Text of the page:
The Youth/Teen Musical Theatre program of the Homer Council and the Arts and Pier One Theatre presents “Honk!,” a family musical based on Hans Christian Andersen’s “The Ugly Duckling.” It plays at 7:30 p.m. April 5 and 6 and 3 p.m. April 7 at the Christian Community Church. Admission is $5 for youth, $8 for HCOA and Pier One members and $10 general for the 7:30 p.m. shows and by donation for the 3 p.m. April 7 show. Tickets are on sale at HCOA and the Homer Bookstore.
The Pen the Kenai community writing project seeks submissions from Kenai Peninsula residents. Pen the Kenai is a companion to the Paint the Kenai community mural project, where artists from around the peninsula are invited to paint a mural tile that represents the artist’s take on “Life on the Kenai.” Pen the Kenai asks peninsula residents to represent what “Life on the Kenai” means to them. All submissions will be displayed with the murals at the visitors center in Kenai.
Just because the weather says it’s spring doesn’t mean ski movies should be taken off your Netflix queue. The Down East is making sure the ski season stays alive and strong next Wednesday with the showing of the 2011 ski film “Being There” and slush-skiing rock of the band Salem from Breckenridge, Colo.
The one-hour film by Norway-based Field Productions is the eighth ski movie on the company’s curriculum vitae, featuring Norway’s biggest names in modern freeskiing from big mountain to big jumps.
If you’ve been seeing boys walking around town in black-leather jackets and rolled up jeans and girls in poodle skirts and white ankle socks, no, that’s not some hip Homer retro look flashing back to the 1950s.
Heidijo films music video
Homer musician Heidijo films a video from 6 to 10 p.m. Monday at AJ's OldTown Steakhouse. She will perform her song, "Honeytune," for a music video. The song will be on her first album, "Magazine Street," recently recorded in New Orleans after a successful Kickstarter fundraising campaign.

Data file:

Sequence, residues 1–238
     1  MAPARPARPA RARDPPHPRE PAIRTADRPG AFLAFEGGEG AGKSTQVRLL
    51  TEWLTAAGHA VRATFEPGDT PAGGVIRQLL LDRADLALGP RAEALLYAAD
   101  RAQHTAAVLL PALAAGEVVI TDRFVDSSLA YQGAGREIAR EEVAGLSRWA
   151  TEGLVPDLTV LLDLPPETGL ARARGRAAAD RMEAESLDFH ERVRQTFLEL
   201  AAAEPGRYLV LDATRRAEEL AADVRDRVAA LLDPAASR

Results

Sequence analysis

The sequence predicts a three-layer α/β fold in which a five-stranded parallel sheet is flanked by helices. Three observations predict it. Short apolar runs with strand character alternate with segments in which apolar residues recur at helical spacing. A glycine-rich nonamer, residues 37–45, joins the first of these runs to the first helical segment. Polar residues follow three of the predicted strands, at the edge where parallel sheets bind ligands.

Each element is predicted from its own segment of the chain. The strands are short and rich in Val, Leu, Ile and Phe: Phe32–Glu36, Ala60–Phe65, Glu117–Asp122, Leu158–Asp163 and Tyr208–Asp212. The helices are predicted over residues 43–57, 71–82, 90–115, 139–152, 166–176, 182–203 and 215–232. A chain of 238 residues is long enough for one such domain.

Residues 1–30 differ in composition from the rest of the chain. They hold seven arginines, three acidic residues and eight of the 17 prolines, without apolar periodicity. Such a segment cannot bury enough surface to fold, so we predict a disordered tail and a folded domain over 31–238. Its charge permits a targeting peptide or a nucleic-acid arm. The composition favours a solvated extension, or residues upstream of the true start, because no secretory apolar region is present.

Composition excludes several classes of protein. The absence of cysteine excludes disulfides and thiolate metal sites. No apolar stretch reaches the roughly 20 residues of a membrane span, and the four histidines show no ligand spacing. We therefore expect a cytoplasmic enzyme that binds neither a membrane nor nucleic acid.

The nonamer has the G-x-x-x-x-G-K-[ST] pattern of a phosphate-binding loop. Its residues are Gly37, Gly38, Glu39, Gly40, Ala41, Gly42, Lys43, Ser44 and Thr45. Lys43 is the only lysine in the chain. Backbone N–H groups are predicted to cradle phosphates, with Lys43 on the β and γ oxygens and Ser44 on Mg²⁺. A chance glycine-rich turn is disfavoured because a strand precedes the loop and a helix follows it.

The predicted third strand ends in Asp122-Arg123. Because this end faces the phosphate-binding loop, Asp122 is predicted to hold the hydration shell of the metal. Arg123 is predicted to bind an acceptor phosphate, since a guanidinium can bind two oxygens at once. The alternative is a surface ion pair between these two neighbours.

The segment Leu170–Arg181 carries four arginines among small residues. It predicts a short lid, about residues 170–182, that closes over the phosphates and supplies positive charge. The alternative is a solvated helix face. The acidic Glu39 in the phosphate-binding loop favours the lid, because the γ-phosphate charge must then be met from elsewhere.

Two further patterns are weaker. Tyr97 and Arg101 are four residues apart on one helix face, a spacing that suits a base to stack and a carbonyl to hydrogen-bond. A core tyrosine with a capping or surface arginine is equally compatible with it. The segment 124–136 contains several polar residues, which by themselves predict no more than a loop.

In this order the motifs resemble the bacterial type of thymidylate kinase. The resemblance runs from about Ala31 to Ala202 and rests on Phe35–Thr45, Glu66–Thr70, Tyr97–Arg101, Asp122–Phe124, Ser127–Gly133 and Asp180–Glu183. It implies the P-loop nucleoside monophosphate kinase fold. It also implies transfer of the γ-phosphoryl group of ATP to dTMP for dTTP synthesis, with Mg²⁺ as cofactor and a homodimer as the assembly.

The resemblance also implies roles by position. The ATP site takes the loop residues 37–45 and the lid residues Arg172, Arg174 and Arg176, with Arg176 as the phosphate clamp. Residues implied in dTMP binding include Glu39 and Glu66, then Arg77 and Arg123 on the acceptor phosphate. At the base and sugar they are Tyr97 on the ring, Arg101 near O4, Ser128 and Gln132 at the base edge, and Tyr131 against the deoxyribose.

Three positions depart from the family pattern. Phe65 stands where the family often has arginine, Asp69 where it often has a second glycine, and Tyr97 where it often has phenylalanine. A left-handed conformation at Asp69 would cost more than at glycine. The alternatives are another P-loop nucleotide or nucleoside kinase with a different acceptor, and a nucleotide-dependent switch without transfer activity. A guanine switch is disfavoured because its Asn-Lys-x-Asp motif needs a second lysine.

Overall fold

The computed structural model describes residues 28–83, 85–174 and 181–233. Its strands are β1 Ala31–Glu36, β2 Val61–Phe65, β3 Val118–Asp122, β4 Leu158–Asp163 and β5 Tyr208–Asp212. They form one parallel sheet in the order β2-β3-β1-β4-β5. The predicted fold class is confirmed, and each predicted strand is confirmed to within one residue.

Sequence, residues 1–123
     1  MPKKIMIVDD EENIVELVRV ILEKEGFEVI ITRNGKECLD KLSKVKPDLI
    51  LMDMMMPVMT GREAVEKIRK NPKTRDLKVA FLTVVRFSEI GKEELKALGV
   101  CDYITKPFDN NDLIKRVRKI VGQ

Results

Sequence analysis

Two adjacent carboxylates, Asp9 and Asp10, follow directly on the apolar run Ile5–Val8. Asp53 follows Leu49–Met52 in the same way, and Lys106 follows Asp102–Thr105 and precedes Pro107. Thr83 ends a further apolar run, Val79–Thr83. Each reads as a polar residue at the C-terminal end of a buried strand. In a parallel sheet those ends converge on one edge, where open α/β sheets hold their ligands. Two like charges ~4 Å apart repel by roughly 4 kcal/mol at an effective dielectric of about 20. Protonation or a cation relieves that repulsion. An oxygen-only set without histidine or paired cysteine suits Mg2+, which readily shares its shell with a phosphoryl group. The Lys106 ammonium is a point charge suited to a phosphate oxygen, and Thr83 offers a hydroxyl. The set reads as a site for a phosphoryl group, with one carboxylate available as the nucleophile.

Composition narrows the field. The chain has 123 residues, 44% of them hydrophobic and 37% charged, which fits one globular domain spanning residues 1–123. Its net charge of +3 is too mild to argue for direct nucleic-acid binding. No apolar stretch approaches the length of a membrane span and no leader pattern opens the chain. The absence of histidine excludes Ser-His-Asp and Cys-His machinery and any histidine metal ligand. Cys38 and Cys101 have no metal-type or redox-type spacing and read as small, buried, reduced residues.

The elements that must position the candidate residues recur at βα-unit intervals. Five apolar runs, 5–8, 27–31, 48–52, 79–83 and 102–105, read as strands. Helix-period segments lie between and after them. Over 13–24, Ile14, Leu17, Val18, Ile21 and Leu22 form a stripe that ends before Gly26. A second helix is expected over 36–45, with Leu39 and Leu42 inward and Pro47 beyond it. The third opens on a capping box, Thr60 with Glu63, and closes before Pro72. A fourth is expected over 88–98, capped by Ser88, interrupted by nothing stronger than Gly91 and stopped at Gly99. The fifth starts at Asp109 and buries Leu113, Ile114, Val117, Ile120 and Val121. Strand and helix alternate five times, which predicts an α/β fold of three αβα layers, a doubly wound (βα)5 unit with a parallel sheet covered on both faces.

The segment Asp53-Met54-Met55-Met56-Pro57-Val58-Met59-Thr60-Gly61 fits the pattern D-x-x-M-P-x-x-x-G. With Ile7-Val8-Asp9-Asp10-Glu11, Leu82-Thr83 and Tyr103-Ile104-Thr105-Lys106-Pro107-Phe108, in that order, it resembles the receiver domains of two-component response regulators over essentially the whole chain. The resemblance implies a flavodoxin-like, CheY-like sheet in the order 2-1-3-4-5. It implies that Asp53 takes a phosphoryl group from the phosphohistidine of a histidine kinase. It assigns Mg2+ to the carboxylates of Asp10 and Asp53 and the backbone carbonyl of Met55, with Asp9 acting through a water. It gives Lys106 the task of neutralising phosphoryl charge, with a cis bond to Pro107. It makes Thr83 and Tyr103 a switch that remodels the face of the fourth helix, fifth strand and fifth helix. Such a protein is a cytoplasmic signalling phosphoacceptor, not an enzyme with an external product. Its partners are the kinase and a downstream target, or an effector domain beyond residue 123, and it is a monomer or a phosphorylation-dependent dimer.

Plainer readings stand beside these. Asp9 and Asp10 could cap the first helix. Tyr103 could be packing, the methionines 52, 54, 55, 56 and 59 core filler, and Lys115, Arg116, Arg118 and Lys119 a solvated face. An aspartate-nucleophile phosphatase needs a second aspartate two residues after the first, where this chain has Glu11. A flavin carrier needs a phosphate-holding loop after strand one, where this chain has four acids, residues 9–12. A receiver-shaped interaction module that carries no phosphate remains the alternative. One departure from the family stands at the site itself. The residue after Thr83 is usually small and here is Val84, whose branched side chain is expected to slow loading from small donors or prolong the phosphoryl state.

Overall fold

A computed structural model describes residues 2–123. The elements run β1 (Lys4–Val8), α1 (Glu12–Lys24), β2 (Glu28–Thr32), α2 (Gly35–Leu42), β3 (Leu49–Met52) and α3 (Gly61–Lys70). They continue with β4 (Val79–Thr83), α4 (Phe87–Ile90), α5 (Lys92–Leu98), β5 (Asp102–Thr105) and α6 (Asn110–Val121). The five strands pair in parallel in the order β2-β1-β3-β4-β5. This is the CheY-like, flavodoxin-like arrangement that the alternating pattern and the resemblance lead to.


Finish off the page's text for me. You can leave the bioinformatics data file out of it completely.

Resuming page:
"Magazine Street" is still in the mixing and editing stage of production, and is tentatively slated for release in late April.
FilmJam is Friday
How do you take an opera written for the 16th century and turn it into a Las Vegas setting in the 1960s? How is Rigeletto going to be depicted as a jester?
You will have to attend the Homer Theatre's showing at 6 p.m. March 21 of the Metropolitan Opera's "Rigeletto" to find out. How will the Met pull this off?
We are encouraging people who are sitting on the fence to come check out the wonderful venue we offer in Homer. Get off the fence and come see a modern setting for this show.
Sticks and stones may break your bones, but when it comes to nature inspired art, they do something else: bring two artists together. The title of a collaborative exhibit showing this month at Ptarmigan Arts, it's also the media Homer artists Deb Lowney and Dan Fischer use independently and together to create organic sculptures that can be displayed indoors and outdoors.
Singer-songwriter Emma Hill and longtime band mate Bryan Daste release their fourth full-length album, "The Black And Wretched Blue," this month in an Alaska tour.
The official release is March 15 at Out North Theatre in Anchorage, but the duo perform music from their new album in a statewide tour, including a performance at 8 p.m. March 23 at Bunnell Street Arts Center. Tickets are $15 or pay-as-you-can. They also perform in Seward, Fairbanks, Talkeetna and Palmer.
in 'Power of Youth' contest
Two Homer students are finalists in F Magazine's "Power of Youth" statewide student art and writing competition. Homer High School student Molly Mitchell is a finalist in both the writing and art categories and Homer Middle School student Audrey Russell is a finalist in the writing category.
A celebration for the contest is 5:30 p.m. March 16 at Out North Theatre in Anchorage. Artwork of finalists is hung at the gallery, and the top winning writing works will be interpreted or read aloud by professional actors and readers.
Lies, two-headed boys and hope. Out of the shared experience of Tim O'Brien's Big Read book, "The Things They Carried," Homer readers received those odd gifts from a visit last week by the writer himself.
Thursday night, high school and college students and local writers attended a master class by O'Brien at Kachemak Bay Campus. The capstone event was on Friday, when O'Brien read from his book and talked about writing at the Mariner Theatre.